Why doesn't my sciatica go away and come back?

Sciatica occurs when something presses or pinches the sciatic nerve.

The most common cause is a herniated disc in the lower spine.

Another risk factor is spinal stenosis, a condition that causes the spine to narrow.

disc prolapse

Doctors don’t know why some cases of sciatica become chronic.

Many acute and chronic cases occur due to a herniated disc. In most cases, herniated discs will improve on their own within a few weeks. If not, it can lead to chronic pain.


People with a herniated disc often remember a specific injury that caused the pain.

Injury does not mean the pain is chronic.

However, people who have a herniated disc from an injury can develop the same injury again, especially if they keep repeating the movements that led to it.


Inflammatory conditions can pinch spinal nerves and cause sciatic pain.

People with chronic inflammatory conditions like rheumatoid arthritis may notice that their sciatica flares up as their condition worsens.

Treating the underlying condition can help treat sciatica.


Infection in or around the spine can cause an abscess, which is a swollen and infected mass. This abscess can pinch spinal nerves and cause sciatica and sometimes other symptoms.

A person with an abscess may develop a fever, have pain in other areas of the body, or find that sciatica starts after another infection.

Spinal mass or cancer

Any type of mass in or near the spine can pinch spinal nerves and cause sciatic pain.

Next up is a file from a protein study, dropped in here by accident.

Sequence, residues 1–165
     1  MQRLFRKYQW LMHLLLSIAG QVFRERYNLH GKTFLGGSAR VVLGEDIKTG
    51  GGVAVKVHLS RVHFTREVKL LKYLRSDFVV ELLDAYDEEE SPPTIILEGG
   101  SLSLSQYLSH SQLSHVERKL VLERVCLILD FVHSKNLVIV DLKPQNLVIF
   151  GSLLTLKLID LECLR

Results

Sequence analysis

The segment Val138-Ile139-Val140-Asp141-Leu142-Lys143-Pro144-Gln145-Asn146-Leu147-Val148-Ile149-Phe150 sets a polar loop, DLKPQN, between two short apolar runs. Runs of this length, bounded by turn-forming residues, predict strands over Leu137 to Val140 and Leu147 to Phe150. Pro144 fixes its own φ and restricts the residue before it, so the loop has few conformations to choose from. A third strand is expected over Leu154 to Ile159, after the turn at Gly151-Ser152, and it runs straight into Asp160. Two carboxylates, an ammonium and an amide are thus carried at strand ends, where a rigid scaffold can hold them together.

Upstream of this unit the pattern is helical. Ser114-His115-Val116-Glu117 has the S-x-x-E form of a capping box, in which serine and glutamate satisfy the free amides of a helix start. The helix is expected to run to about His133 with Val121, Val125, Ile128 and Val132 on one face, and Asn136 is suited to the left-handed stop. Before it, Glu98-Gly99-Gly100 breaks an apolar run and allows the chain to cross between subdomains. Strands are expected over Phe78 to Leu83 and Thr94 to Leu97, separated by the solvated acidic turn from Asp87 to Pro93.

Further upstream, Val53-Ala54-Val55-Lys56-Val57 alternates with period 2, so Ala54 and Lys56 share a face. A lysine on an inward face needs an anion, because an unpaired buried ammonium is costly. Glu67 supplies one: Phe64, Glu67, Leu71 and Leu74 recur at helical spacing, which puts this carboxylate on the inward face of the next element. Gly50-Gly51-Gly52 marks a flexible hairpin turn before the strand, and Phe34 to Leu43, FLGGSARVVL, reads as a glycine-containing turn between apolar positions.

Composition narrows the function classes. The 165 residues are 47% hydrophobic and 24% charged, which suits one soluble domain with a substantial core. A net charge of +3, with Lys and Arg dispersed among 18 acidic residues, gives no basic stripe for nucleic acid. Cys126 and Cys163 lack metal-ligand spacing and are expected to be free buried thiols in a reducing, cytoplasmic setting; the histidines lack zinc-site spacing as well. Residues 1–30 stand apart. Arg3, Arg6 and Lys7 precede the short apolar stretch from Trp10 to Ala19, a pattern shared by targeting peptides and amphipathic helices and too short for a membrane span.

Some masses are cancerous. In other cases, an epidural hematoma, a swollen patch of blood near the spine, can cause the pain.

It’s important for people with sciatica to see a doctor to rule out potentially dangerous conditions like cancer, especially if sciatica doesn’t go away.

wear and tear

As a person gets older, normal wear and tear on the spine can cause the spine to narrow, resulting in spinal canal stenosis.

In some people, spinal stenosis causes chronic or worsening pain.

Lifestyle problems

Several lifestyle factors can increase the risk of sciatic pain or increase healing time.

People with these risk factors may find that sciatica becomes chronic or comes back. Risk factors for sciatica are:

  • little physical activity and long periods of sitting
  • Are overweight or obese
  • smoking

Also, because sciatica often follows an injury, patients may find that symptoms do not improve if they continue the activity that caused the original injury.


Sacroiliac joint tuberculosis, which doctors call tuberculous sacroiliitis, is a rare form of tuberculosis (TB), a lung infection.

It occurs when the infection creates an abscess that spreads to the sacroiliac joint in the pelvis and lower spine. A person can also have symptoms of TB, such as difficulty breathing or a cough.

TB is a very rare cause of sciatica, but if symptoms persist and a person has had a history of TB, testing is important.

Spinal malalignment

If the spine is not properly aligned, such as with scoliosis or another chronic condition, it can put pressure on the space between the vertebrae.

This pressure can lead to herniated discs. It can also compress the sciatic nerve and cause nerve pain. Depending on the cause, a person may need surgery, physical therapy, or other treatments.